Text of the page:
Trojan War-time poem: "On the Walls"

Rhina Espaillat

Rhina Espaillat

It's the gossip-y parts of the Helen of Troy myth that often get lost. Though, in re-re-reading The Iliad there are plenty of moments of character sighing ruefully "I wish I weren't so into this" and "Player's gotta play" moments. Other than the Catalog of Ships (made easier when you imagine a cheering room when an ancestor is mentioned), The Iliad remains a good read. The poem below is prosaic but still struck my fancy. My fancy fancy. Can fancies be fancy? "Fancy" kind of loses meaning by the third time you say it in a row. Give it a try.

On the Walls
By Rhina Espaillat

From the first look I knew he was no good.
That perfumed hair, those teeth, those smiling lips
all said, "Come home with me." I knew I would.

Love? Who can say? Daylight withdrew in strips
along those vaulted archways waiting where
the slaves would hear us whisper on the stair.
Not smart, not interesting — no, not the best
as anything, all talk and fingertips.
The best I left behind; they're in those ships
nosing your harbor. You can guess the rest.
The heart does what it does, and done is done.

Regret? What for? The future finds its Troys
in every Sparta, and your fate was spun
not by old crones, but pretty girls and boys.

Wartime poem - "Dulce Et Decorum Est" by Wilfred Owen

Wilfred Owen (1893-1918)

Wilfred Owen (1893-1918)

Listening & reading stories about the increase of veterans committing suicide evoked the phrase "guttering, choking, drowning" from a poem I could not fully recall. So I looked it up. It's below. Wilfred Owen was a World War I era poet who died in 1918, killed on the front lines at the age of 25 in the last week of the War.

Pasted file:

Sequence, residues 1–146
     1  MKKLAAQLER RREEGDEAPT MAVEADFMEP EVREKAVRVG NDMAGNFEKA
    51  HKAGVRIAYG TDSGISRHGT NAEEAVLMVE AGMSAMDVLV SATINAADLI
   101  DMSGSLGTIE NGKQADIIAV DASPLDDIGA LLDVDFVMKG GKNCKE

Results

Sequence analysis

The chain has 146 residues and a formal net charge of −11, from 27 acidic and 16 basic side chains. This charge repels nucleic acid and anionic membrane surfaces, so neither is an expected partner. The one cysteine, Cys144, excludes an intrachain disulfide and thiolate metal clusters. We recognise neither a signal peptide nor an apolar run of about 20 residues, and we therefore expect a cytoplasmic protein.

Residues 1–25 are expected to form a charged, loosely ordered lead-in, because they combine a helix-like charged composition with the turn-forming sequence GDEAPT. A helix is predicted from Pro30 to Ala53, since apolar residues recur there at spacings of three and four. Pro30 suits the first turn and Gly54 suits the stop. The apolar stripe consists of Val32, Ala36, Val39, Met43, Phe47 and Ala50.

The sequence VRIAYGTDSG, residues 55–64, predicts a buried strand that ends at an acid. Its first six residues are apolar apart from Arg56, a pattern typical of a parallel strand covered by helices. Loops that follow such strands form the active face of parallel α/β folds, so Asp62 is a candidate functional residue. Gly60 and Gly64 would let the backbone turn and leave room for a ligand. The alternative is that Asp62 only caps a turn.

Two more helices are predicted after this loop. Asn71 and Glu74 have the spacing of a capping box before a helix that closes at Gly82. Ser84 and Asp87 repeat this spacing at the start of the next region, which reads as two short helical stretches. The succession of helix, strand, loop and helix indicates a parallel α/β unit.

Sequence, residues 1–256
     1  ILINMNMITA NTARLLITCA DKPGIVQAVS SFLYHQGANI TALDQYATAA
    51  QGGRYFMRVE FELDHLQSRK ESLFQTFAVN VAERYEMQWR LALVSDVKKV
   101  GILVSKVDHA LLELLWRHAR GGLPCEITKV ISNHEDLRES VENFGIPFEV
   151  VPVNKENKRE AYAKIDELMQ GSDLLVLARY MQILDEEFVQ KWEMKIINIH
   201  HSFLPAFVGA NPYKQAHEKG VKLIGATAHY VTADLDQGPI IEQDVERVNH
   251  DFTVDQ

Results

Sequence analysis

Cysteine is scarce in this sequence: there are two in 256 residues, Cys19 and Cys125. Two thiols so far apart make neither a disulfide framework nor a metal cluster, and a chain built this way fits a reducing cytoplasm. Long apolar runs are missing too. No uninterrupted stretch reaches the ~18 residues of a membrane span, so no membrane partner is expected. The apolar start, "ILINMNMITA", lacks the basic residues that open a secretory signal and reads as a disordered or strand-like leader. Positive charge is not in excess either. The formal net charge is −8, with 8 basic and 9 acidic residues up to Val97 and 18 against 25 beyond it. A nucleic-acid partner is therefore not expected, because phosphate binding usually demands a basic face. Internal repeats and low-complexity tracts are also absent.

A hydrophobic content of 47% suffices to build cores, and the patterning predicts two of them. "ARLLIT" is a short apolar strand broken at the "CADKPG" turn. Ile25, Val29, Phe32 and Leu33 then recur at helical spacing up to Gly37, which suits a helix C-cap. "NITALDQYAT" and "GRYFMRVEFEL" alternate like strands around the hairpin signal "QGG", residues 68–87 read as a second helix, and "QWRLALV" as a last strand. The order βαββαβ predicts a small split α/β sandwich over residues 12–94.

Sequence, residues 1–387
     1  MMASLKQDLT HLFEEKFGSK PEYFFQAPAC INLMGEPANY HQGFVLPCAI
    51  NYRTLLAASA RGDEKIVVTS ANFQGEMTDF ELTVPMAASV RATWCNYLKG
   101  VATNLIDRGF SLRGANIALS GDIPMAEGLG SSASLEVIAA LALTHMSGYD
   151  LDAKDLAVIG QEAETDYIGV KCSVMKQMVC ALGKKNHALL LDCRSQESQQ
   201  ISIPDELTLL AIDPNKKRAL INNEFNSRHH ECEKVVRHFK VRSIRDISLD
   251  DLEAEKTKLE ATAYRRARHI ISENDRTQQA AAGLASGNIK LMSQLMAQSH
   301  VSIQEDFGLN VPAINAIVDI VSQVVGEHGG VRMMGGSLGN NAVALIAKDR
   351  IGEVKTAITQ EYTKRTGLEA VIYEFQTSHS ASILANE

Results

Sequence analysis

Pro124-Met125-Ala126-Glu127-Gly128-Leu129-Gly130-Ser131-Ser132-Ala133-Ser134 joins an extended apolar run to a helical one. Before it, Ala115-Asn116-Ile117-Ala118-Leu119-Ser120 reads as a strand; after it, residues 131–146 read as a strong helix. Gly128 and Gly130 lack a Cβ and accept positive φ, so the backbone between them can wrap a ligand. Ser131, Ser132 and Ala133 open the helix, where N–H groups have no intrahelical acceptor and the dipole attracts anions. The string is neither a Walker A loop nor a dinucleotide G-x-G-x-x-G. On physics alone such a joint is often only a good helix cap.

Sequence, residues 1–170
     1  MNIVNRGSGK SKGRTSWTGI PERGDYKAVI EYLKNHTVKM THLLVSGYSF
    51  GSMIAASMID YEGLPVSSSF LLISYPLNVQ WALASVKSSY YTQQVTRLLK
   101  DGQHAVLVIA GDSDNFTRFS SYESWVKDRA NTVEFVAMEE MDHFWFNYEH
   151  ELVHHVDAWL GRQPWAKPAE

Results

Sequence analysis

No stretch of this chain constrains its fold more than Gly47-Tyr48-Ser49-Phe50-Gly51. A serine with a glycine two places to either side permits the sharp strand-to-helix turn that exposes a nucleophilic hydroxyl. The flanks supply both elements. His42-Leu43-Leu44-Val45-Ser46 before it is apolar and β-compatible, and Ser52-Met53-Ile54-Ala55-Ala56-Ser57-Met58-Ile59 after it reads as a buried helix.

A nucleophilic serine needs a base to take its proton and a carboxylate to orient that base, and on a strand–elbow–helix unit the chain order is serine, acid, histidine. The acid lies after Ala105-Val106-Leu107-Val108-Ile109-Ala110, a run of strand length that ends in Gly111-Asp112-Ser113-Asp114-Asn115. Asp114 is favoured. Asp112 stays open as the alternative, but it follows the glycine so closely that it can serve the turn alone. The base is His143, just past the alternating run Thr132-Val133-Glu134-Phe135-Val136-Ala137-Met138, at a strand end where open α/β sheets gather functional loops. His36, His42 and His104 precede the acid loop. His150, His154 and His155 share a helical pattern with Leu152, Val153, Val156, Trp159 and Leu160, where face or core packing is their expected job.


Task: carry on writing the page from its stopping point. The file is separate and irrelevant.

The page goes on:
To save you the trouble (as I had to look it up to verify) "dulce et decorum est pro patria mori" is from Horace's Odes and means "It is sweet and good form to die for your country."

Dulce Et Decorum Est
by Wilfred Owen

Bent double, like old beggars under sacks,
Knock-kneed, coughing like hags, we cursed through sludge,
Till on the haunting flares we turned our backs
And towards our distant rest began to trudge.
Men marched asleep. Many had lost their boots
But limped on, blood-shod. All went lame; all blind;
Drunk with fatigue; deaf even to the hoots
Of tired, outstripped Five-Nines that dropped behind.
Gas! GAS! Quick, boys! – An ecstasy of fumbling,
Fitting the clumsy helmets just in time;
But someone still was yelling out and stumbling,
And flound'ring like a man in fire or lime . . .
Dim, through the misty panes and thick green light,
As under a green sea, I saw him drowning.
In all my dreams, before my helpless sight,
He plunges at me, guttering, choking, drowning.

If in some smothering dreams you too could pace
Behind the wagon that we flung him in,
And watch the white eyes writhing in his face,
His hanging face, like a devil's sick of sin;
If you could hear, at every jolt, the blood
Come gargling from the froth-corrupted lungs,
Obscene as cancer, bitter as the cud
Of vile, incurable sores on innocent tongues,
My friend, you would not tell with such high zest
To children ardent for some desperate glory,
The old Lie; Dulce et Decorum est
Pro patria mori.

Home loam

Several conversations and experiences with friends along the lines of "I'm not where I grew up" have led to these thoughts. I didn't spend much time on this.

Home loam

My lungs and brain compress when in my hometown.
Every block drizzled with treacle and sour gravy.
Enough! Defy as it saps your bigness down to slavery
Until a forgotten tether tugs and summons you.
Red brown sleeping mouth draws in the box with corded tongues.
Ground fluffed stuffs it shut, you step away with others to quibble over funds.
Cede it all care for nothing,
Eager to get yourself away.
Eat as a guest with caution, deny the soil and stores that
Nourished you. Strive to not let the location of
Death define you. Vainly
Evade that someone's home loam will compost you.